Windows 11 now implements RFC 7217 (stable privacy addresses)!


After over 10 (yes, *ten*) years, we have finally addressed security/privacy issues in the generation of IPv6 stable addresses in most popular operating systems.

The traditional scheme/algorithm to generate stable IPv6 addresses with SLAAC required that the underlying MAC address be employed to generate the Interface Identifier. That is, the underlying MAC address would be embedded in the lower bits of an IPv6 address.

This scheme allowed for host-tracking (since MAC addresses are usually globally-unique), address scanning (since addresses will follow specific patterns) and a number of other issues.

In 2011, I submitted an IETF Internet-Draft proposing a scheme for generating stable addresses with SLAAC, meant to replace the traditional scheme. The scheme could be summarised and simplified as: Interface_ID = Hash(Prefix, Secret). Thus, interface identifiers would be stable within the same subnet, but vary across subnets.

[Replacing the traditional scheme with this new scheme was anything but easy -- if you're curious, please check the "IPv6 Addressing" section in <A Brief History of Recent Advances in IPv6 Security, Part I: Addressing – SI6 Networks> ]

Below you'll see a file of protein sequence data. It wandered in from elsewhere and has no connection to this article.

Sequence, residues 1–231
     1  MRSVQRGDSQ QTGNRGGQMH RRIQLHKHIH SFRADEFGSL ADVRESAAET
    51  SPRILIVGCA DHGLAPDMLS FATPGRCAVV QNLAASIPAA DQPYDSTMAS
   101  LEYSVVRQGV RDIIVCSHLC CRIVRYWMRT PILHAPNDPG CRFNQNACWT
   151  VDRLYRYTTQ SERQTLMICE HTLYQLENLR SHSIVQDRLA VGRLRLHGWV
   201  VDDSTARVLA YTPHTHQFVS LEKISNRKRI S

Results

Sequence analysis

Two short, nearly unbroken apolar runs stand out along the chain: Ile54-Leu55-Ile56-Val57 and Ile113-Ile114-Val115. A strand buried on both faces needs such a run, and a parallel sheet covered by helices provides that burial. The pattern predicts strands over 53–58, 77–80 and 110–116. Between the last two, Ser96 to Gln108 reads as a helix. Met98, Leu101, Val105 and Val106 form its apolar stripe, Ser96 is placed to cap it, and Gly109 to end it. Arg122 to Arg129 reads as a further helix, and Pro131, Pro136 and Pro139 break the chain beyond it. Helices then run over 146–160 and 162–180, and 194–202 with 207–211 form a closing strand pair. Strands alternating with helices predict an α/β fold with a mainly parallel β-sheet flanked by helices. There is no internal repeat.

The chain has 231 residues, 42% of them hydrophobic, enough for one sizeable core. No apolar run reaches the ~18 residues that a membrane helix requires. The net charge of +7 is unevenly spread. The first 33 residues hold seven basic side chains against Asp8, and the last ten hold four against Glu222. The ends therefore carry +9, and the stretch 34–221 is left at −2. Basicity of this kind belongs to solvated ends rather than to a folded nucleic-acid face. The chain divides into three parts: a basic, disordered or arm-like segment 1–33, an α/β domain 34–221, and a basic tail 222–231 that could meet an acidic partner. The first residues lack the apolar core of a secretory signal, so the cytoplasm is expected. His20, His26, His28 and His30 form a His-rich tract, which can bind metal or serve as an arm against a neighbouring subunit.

Over time, popular operating systems and packages adopted the proposed algorithm: the Linux kernel, NetworkManager, OpenBSD's slaacd, MacOS, etc. Eventually, virtually every popular OS had adopted the scheme.... except Windows.

Based on a recent note by Brian Carpenter, I ended up testing Windows 11, and I can confirm that it does implement RFC 7217 / RFC 8064!

Therefore, e.g. if multiple prefixes are employed on a subnet, the stable addresses for each of such prefixes will employ a different Interface Identifier, thus avoiding the security/privacy issues discussed above -- this is really good news!

Unfortunately, Windows still generates temporary addresses with the algorithm specified in RFC 4941, thus resulting in all temporary addresses for a given interface employing the same Interface Identifier (!). This problem has been addressed in RFC 8981... but it's implementation is not yet widespread, yet (it has been incoporated in e.g. the Linux kernel, though).

I just hope it doesn't take Windows and others yet another 10+ years to implement RFC 8981, to finally address the remaining security/privacy issues in IPv6 address generation!

[Original article with screenshots: Fernando Gont on LinkedIn: After over 10 (yes, *ten*) years, we have finally addressed security ]



Good news!
Good perspectives for the future…

But this thread remembered-me about RFC 3021 and Windows… Since December 2000.